Many fewer species of cacti are native to and thought to be able to survive winters in eastern Ontario than in the similarly cold winters of central Colorado. We collected 12 yr of data on 107 specimens representing 50 cactus species that have been tested outdoors in gardens in the City of Ottawa (Canada) and report which have successfully weathered six or more consecutive winters and which have not. Some species that we expected to be more successful were not, while a small number of species native to considerably warmer environments survived surprisingly well. We review general mechanisms for freeze-tolerance in plants, focusing on what is known about cacti in particular. Phylogeny does not appear to be important in determining success or failure in cold climates, so we explore other possible explanatory factors for differences in survival between Ontario and Colorado. Our data indicate that freeze tolerance of cacti in eastern Ontario may be a function of snow cover, rather than polyploidy. Colorado's greater cactus richness may also be a function of its location closer to the southwestern deserts' center of diversity, which would provide a larger pool of potential species that could expand to colder regions. More thorough studies of freeze-tolerance over a larger geographic range – albeit controlling for growing conditions, using identical clones at multiple sites, and determining precise cause of death – will be necessary to reach more definitive conclusions.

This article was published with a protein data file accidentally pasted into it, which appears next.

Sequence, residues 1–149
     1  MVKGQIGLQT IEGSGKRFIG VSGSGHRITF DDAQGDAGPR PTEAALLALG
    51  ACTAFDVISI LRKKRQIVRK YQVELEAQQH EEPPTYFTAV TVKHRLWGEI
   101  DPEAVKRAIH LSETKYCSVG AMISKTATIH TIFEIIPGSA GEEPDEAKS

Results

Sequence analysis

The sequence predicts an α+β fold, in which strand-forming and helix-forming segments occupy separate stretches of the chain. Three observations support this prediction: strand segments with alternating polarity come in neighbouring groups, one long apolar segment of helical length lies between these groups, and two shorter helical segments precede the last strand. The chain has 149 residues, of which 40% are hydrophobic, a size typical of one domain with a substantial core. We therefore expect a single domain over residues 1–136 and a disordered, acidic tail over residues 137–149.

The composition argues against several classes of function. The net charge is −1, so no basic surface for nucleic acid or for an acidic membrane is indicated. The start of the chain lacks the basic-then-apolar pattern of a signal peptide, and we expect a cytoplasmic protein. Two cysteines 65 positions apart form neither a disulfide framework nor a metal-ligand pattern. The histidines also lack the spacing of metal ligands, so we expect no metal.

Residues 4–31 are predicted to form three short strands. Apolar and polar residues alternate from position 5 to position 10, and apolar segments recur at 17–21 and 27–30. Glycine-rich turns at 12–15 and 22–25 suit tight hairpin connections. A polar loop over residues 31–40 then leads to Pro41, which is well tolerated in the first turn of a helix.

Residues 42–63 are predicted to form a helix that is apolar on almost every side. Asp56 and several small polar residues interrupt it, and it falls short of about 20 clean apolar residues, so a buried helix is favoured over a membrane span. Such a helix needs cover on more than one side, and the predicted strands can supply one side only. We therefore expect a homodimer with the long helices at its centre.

Vol. 62 • No. 1
Vol. 62 • No. 1